Then I was able to re-record my missing bass guitar my missing guitar parts and redo my vocal Parts with a few small changes.

Now what I'm about to play for you isn't a full song but I will turn it into a full song and that'll be an easy transformation just a few slight modifications some judicious repetitions and we've got an entire track on her hands, but I want you to keep in mind as you listen to this. That's this entire track was born out of just noodling with a scale. That's an important concept to keep in mind that all of these ideas can really just come about through practicing a simple scale.

The way you stood there in love to be like I had nothing of importance to say.

The motherland to go all of the plants must grow flying over whether humans live see how all the electrons flow but they don't know.

We can tell them hello.

All right. Now a few things before we close out first off is the be-bop scale in general. This is generally a jazz scale and you can hear I'm not using it for very Jazzy purposes in this video. And that's fine. That's what style does that's what influence does, you know, I come from more of a rock upbringing in a progressive rock upbringing. So, you know, as far as my musical career is concerned. Those are the the the influences that crept in there as opposed to thinking of a jazz style.

If I was more Jazz oriented at that probably would have found a lot jazzier, but it's just important to How to different players two different musicians could take the same set of notes and create completely different styles of music out of it. So when you hear something like be-bop scale, I don't want you to just immediately think Jazz scale.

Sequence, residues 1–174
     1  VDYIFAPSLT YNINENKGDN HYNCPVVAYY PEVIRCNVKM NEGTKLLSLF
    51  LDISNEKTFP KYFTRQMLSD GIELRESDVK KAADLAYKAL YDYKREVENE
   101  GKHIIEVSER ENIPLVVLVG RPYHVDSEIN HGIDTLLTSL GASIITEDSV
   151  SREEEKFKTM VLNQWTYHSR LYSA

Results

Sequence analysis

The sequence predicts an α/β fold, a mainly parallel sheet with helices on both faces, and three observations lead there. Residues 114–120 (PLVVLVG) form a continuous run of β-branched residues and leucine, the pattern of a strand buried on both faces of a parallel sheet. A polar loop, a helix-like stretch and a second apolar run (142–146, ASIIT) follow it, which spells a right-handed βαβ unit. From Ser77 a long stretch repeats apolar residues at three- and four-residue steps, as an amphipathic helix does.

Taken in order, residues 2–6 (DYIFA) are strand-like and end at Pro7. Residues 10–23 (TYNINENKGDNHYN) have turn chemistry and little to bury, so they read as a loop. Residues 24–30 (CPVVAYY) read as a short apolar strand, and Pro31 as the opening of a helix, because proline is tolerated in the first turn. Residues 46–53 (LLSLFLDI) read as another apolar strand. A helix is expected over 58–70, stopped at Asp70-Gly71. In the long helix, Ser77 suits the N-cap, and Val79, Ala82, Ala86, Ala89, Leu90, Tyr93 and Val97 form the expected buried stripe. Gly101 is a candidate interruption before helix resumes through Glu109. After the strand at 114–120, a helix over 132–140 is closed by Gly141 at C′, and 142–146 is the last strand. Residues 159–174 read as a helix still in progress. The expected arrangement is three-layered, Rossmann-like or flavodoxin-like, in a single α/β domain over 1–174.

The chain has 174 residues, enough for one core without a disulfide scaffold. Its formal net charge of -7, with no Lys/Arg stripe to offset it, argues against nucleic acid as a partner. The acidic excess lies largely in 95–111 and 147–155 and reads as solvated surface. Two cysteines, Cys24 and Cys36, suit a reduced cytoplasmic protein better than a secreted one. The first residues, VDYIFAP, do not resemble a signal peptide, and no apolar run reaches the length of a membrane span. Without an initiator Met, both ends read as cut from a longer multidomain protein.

Yes. It's a jazz scale, but I don't think anything I you just heard was a jazz song. It just happened to utilize a jazz scale. So don't pigeonhole these scales too much as far as what they're capable of, you know, keep in mind that you have infinite Freedom as far as what you're going to make that scale do and also shout out to Ben Levin. I'm not sure if you watch band Levin's YouTube channel, but I'd watched a few of his videos the other day and they were Really inspiring to watch I love his art style the kind of music. He makes how you know freeform it is and that that kind of music style was running through my head as well. As you know unfreeze McGee fish and I was also thinking been Levin his art style especially so if it feels a little band 11-ish, I'll take that as a compliment, but I know that I was definitely being influenced through his art style in his teaching style in his music style. If you haven't watched this stuff, it's really really enjoyable.

Please check him out. And lastly. Thank you to Gary Simon from design course for making this. Awesome piece of software for all of us to use I just think it's excellent. I think it's great that he's not charging for it. You know, I'm sure there's a business model attached there somewhere later on down the line. But hey, at least the core component of it is just free for us to use and like I said, I've seen people try to attempt these things all over the place. I've tried to make stuff like this and it never goes well regardless thanks to Gary Simon for making this possible and really I mean through that app. I've got a new song. I'm going to finish that and turn that into his own and that's awesome. You know inspiration can come from something just like a practice. Sing resource. So I hope you enjoyed this video. I hope you learn something. If you enjoyed this video, please thank my awesome patreon supporters for supporting and sponsoring these videos. Like I said, I don't do add this was not an ad really my only advertisement or for the awesome people that are supporting this channel. So thanks to them if you'd like to join them you can there is a link below in the description, but if you can't do that, I would appreciate a like or subscribe or a comment all that kind of stuff really helps me out. So thanks for watching and I will see you next time.